While we've seen some praiseworthy instance of progress in the film industry this year -- Katniss Everdeen as the first female hero with the top box office hit of the year, Jane Campion as the first female director named president of the Cannes jury, and Sundance's 2014 lineup promises some much needed gender balance -- but according to a new women in film study on Variety , these instances aren't yet making much of a difference.
According to the annual Celluloid Ceiling survey out of San Diego State University's Center for for the Study of Women in Film and Television, the number of women employed in film production is not only near 1998 levels, it's below them. So while it's important to praise the way in which the influence of Jennifer Lawrence's Hunger Games heroine is being felt throughout entertainment or why Campion's recognition as a director is huge, that alone is not enough to affect actual change in the industry.
The SDSU survey looked at 250 of the top-grossing U.S. films in 2013 and found that women only accounted for 16 percent of the film production work force, which is 2 percent below 2012 and one percent below 1998. While the percentage differences seem slight — and to some degree, they are — what's important to recognize is that seeing only a slight fluctuation and zero growth in these numbers means that there is so much more work to be done.
Women producers, directors, writers, P.A.s, grips, camerawomen, etc. are working against a decades old tide that's placed men at the top (and throughout the middle and bottom) of the film industry. In every part of the production process, there is an extreme majority of men; achieving quality in this industry is basically the Everest of feminist endeavors. There is so much mountain still left to move.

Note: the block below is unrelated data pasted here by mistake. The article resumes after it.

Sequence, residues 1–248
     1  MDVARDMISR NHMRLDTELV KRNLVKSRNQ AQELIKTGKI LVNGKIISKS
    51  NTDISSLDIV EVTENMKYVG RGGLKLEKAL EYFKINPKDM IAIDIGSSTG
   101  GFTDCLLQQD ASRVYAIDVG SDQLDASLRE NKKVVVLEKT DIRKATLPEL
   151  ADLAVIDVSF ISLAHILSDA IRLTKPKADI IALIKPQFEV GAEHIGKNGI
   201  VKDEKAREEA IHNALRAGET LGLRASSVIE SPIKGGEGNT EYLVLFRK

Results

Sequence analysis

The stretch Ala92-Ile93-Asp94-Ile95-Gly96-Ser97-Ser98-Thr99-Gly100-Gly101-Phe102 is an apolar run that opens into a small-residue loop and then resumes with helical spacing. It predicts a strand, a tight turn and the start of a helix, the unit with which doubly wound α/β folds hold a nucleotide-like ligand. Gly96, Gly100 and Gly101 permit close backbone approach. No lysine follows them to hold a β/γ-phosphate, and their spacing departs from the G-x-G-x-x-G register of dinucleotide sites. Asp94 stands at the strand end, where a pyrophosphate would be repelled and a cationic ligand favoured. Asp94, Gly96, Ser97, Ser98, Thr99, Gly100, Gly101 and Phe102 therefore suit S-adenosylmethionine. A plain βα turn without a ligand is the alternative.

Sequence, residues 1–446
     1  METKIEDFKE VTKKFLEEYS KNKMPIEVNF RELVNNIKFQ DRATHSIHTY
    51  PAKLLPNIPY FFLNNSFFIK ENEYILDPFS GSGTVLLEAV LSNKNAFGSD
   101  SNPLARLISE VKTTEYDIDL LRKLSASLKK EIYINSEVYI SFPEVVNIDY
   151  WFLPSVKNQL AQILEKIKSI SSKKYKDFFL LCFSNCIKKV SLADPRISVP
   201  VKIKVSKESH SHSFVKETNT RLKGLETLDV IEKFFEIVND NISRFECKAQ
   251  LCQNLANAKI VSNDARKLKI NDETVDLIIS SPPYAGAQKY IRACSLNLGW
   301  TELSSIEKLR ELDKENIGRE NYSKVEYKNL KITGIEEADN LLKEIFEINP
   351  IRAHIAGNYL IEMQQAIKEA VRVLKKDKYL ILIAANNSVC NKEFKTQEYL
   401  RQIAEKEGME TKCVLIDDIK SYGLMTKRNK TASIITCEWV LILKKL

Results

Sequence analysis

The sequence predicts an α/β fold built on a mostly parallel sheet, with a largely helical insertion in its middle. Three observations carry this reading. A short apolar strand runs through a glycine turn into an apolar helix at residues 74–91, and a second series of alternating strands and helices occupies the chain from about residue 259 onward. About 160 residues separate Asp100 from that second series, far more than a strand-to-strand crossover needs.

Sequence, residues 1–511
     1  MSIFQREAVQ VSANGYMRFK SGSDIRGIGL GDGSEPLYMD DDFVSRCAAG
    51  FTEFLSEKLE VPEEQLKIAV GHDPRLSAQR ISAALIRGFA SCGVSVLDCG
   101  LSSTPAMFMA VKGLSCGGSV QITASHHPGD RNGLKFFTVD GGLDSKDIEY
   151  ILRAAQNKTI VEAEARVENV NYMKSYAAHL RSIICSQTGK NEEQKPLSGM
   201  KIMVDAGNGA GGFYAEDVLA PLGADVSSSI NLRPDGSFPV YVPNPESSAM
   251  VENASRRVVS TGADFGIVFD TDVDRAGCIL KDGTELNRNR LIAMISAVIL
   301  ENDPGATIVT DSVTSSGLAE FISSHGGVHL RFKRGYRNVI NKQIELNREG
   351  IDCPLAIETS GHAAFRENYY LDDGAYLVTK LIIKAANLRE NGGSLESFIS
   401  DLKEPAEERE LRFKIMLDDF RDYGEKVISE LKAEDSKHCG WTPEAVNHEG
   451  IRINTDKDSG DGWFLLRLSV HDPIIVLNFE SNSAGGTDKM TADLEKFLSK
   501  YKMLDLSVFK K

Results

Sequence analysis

That's why, when we find and celebrate successes for women in the industry, it's important to recognize them and contextualize them within the still glaring gender disparity. Even The Hunger Games, which are about a woman and created by a woman, are films written and directed men. The only way to stem the tide and actually begin to change the industry from the inside — not just on occasional big screen adventures — is to act.
Women with the desire to work in film need to shirk the boy's club and go after jobs on set and in the production office and audiences who are concerned with women getting a better foothold in the industry need to support female filmmakers, writers, and producers by putting their dollars where their mouths are. Buy tickets to independent films backed by women and if your city doesn't have theaters that get indies, pay to rent them online. Because while the film industry is one based in art, the language it really speaks is in dollars.
Praise for women doing great work in film should never be underestimated, because our voices are infinitely valuable, but we can't forget the other ways in which we can play a concrete role in changing the industry, one small step at a time.